On February 12, 2013, a startup called RapGenius accused the Heroku cloud host of knowingly stifling the performance of the RapGenius Rails app, causing the need for extra instances and subsequent higher service charges.
RapGenius' blog post is impressive in that it describes the issues clearly yet provides sufficient details. It is really worth a read which is why I'm not going to reproduce nor summarize it here.
I believe none of the parties involved (Heroku, RapGenius and the monitoring outfit New Relic) come out looking good:
- Heroku failed to announce a substantial platform change to customers. The company provides Platform as a Service (several platforms, actually). A platform is a system of components working together to provide essential services for applications. Heroku switched their Rails platform from an optimal combination of components (single-request dynos, intelligent routing) to a substantially sub-optimal one (single-request dynos, random routing). They failed to notify customers of the switch in advance. They either failed to measure the performance impact of the switch or purposefully withheld knowledge of the impact from their customers. They failed to reflect the switch in their documentation.
- New Relic simply failed to account for all latencies in their monitoring. It appears they measured many internal values within the platform but failed to cross-check them against a black-box view from the outside. It seems quite unprofessional, especially given the pricing of their service.
- RapGenius put too much trust in an external entity. Instead of an independent monitoring service they used one sold as an add-on to their platform by the platform provider. They took more than two years to detect a major performance degradation in their platform (in fairness, the problem only becomes apparent when the number of dynos reaches a certain threshold).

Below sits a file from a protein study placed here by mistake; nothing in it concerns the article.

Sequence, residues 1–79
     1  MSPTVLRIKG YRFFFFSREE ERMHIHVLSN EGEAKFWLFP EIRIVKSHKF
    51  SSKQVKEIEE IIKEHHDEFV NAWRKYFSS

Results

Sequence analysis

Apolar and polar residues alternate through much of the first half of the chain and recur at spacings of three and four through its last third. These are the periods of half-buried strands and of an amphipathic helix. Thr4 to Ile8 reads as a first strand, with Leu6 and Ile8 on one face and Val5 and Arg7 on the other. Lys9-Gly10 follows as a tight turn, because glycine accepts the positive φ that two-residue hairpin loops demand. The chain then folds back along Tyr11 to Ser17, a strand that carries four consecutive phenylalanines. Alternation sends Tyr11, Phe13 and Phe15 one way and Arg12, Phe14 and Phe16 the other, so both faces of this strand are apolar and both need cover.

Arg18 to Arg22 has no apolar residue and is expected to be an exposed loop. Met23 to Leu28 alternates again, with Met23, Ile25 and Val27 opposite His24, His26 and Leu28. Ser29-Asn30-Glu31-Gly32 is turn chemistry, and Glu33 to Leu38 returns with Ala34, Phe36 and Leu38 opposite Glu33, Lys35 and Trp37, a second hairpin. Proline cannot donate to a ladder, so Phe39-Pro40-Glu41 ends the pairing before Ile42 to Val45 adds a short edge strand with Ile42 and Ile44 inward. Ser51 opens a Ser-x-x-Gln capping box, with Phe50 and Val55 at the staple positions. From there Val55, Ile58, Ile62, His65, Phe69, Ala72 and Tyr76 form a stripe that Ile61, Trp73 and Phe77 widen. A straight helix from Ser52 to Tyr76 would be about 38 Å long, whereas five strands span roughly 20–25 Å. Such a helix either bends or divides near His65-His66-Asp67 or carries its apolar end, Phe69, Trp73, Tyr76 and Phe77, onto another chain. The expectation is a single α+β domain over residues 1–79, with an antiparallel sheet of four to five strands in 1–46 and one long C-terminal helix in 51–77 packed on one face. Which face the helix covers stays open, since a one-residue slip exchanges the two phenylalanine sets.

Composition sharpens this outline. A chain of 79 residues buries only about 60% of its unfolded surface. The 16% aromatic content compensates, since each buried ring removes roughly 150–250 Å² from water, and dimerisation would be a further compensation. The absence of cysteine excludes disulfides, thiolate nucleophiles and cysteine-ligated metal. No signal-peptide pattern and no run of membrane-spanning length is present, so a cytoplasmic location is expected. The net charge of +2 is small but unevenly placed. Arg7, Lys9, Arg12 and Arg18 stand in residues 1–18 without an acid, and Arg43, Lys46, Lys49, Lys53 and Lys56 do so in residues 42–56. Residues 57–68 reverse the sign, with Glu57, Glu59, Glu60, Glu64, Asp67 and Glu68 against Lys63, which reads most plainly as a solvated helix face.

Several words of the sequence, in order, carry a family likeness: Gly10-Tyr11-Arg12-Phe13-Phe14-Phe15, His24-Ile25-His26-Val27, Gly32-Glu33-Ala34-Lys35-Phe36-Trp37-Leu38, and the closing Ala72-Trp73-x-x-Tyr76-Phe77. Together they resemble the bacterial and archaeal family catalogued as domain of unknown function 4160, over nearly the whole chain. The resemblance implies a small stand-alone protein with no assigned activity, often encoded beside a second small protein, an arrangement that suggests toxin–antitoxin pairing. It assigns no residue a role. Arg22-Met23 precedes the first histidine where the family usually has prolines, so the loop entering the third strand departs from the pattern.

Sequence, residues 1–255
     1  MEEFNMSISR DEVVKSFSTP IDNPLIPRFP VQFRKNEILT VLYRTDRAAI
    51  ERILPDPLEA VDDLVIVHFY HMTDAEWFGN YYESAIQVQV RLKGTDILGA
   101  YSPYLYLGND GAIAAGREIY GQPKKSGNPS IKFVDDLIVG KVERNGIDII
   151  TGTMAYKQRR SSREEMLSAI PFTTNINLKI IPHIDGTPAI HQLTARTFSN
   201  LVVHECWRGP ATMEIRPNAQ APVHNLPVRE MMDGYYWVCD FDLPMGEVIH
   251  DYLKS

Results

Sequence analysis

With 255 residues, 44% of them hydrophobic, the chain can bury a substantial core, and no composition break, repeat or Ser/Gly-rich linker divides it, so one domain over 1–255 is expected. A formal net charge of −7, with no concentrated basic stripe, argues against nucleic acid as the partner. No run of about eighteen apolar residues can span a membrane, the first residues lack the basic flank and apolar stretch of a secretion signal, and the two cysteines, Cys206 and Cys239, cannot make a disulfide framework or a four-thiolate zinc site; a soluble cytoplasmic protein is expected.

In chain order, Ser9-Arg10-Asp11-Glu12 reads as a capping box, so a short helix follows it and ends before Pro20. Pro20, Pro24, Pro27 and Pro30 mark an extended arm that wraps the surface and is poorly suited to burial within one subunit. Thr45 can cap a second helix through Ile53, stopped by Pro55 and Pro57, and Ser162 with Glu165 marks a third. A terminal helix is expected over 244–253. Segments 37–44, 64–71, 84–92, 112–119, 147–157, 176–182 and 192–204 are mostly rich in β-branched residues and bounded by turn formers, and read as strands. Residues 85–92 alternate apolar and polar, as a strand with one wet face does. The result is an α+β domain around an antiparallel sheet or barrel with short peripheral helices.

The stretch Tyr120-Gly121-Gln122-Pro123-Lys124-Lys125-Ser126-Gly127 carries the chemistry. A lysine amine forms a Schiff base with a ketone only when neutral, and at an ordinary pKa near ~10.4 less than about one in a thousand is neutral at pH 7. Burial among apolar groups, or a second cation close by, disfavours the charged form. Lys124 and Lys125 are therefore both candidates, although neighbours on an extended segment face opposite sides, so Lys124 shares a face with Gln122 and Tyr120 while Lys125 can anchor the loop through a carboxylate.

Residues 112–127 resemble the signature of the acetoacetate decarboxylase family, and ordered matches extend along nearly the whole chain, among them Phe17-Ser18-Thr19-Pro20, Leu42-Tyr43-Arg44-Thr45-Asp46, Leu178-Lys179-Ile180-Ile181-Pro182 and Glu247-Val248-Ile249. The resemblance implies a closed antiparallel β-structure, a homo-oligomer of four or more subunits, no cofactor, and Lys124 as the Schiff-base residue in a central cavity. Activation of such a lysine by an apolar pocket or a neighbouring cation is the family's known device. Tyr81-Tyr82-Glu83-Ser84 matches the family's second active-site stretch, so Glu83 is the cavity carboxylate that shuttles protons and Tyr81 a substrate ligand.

What's truly puzzling is that none of Heroku's other Rails customers seems to have encountered this issue before RapGenius. One possibility is that RapGenius is the first Heroku Rails app to achieve sufficient scale for the problem to occur. Another is that some customers did indeed catch the problem right at the start, adapted to the new configuration and simply never thought to give a heads-up to the rest of the community.
The morale of the story for me is that it's foolish to use a monitoring service with business ties to the entity being monitored (or, indeed, to outsource monitoring in the first place - it's a critical QA function, after all). An independent monitoring service must still be given enough access to the monitored system to provide necessary detail. This is not trivial as monitoring can interfere with the monitored system. Some form of meta-monitoring is perhaps needed. Ah, the ever-fascinating world of IT :-)